In Qatar, poet Mohammad al-Ajami was sentenced to 15 years for poetry judged to be contentious. In Turkey, Iran, Pakistan, North and South Korea, Malaysia, Myanmar and Cuba, to name but a few, artists, journalists, writers, filmmakers, playwrights and peace activists continue to be censored, put under house arrest, tortured and jailed. The Indian Film Certification Board has censored the latest James Bond movie, Spectre, because of a kissing scene. And Israel has called for the banning of a Swedish film based on the Israeli attack on the Turkish activist ship Mavi Marmara, The Dead Still Have a Name. And though Israel does not behead artists and poets, its brutal policies towards Palestinians stifle artistic expression. Israel has killed, beaten and harassed journalists, and smashed their cameras. Currently Israel is also attempting to get YouTube to pull down video clips showing the killing, beating and harassment of Palestinians.

In the UK, the Guardian reported on 25 November that “Leading international cultural figures have joined human rights campaigners in calling for the release of Ashraf Fayadh.” Well-known figures, including Tate Modern director Chris Dercon, British poet laureate Carol Ann Duffy, historian Simon Schama, playwright David Hare, and Egyptian novelist and commentator Ahdaf Soueif, are among those calling for the death sentence imposed on Fayadh to be overturned. The Guardian reported these figures’ statement: “We believe that all charges against him should have been dropped entirely, and [we] are appalled that Fayadh has instead been sentenced to death for apostasy, simply for exercising his right to freedom of expression and freedom of belief.”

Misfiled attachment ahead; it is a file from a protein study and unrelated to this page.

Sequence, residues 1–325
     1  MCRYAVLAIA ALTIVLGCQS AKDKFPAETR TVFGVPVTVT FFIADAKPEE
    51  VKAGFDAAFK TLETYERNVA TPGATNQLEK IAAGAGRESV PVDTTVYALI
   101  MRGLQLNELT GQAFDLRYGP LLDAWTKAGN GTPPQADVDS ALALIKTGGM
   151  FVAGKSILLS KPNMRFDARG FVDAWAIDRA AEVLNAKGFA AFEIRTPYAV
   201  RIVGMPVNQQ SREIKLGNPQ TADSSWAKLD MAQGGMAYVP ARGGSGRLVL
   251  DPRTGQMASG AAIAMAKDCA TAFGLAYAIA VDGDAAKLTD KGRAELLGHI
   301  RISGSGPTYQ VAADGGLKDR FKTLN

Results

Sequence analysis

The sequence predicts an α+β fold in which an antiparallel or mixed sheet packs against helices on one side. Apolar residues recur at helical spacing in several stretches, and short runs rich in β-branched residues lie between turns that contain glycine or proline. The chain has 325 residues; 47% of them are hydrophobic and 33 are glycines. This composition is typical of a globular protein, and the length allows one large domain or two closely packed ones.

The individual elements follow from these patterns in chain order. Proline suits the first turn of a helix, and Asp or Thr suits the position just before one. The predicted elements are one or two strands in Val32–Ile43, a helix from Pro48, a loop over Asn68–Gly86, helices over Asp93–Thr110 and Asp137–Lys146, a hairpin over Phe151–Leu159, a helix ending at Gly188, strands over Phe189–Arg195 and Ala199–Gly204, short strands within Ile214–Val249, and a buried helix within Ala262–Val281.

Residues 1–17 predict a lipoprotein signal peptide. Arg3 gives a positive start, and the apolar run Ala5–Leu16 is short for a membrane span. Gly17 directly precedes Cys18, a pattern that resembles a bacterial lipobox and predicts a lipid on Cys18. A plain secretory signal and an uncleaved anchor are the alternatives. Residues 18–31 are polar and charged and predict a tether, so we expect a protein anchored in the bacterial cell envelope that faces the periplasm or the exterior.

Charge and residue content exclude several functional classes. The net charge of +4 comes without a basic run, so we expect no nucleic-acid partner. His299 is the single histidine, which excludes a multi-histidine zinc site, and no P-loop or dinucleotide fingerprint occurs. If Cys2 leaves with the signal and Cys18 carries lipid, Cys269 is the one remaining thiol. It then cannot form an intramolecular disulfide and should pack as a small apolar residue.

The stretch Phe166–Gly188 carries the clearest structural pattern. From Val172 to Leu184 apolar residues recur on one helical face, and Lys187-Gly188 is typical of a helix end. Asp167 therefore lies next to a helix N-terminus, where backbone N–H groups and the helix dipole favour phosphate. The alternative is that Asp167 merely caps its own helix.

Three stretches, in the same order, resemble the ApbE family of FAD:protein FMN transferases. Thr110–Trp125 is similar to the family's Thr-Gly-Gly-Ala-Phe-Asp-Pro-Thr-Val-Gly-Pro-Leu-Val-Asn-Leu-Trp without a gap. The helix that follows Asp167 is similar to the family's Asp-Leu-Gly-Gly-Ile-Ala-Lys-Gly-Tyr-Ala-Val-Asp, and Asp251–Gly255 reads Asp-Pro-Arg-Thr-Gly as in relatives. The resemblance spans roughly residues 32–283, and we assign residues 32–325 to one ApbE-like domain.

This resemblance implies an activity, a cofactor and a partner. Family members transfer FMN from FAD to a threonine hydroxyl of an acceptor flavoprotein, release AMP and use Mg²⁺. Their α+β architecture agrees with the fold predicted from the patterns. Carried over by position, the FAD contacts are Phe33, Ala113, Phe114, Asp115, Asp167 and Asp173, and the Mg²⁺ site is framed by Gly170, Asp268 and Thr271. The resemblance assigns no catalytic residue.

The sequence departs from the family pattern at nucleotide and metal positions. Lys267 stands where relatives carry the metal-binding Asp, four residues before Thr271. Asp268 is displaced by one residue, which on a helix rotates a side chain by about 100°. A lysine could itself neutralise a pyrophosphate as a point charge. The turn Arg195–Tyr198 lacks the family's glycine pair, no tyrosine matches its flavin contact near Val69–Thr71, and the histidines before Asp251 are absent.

Simon Schama said: “Anyone with a conscience should abhor the sentence and shun those responsible as inhuman.” Muslim- Arab award-winning journalist and commentator, Mona Eltahawy, said: “This is an outrageous violation of freedom of faith which as a Muslim, I hold dear and support unequivocally […]. It is beyond time to hold [Saudi Arabia] accountable for its awful human rights violations.” British artist Peter Kennard said: “Saudi Arabia wants to silence a great humanitarian poet and cultural organizer [sic]. We cultural workers must do all in our power in campaigning to free him. We must also demand that David Cameron takes a bit of time off from selling the Saudi regime fighter planes to state his abhorrence at the death sentence meted out to a poet.”

Scores of artists, writers and musicians across the world, including PEN International, Index on Censorship and the International Association of Art Critics — have also signed a joint statement condemning Fayadh’s conviction.

Citizens across the globe concerned about freedom of expression, in all its forms, must urgently let their voices be heard, even if Hollande, Cameron and Obama have chosen to remain silent. Silence is hypocrisy. We can no longer afford it.

This piece first appeared in Le Monde.

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Raouf J. Halaby is a Professor Emeritus of English and Art. He is a writer, photographer, sculptor, an avid gardener, and a peace activist. halabys7181@outlook.com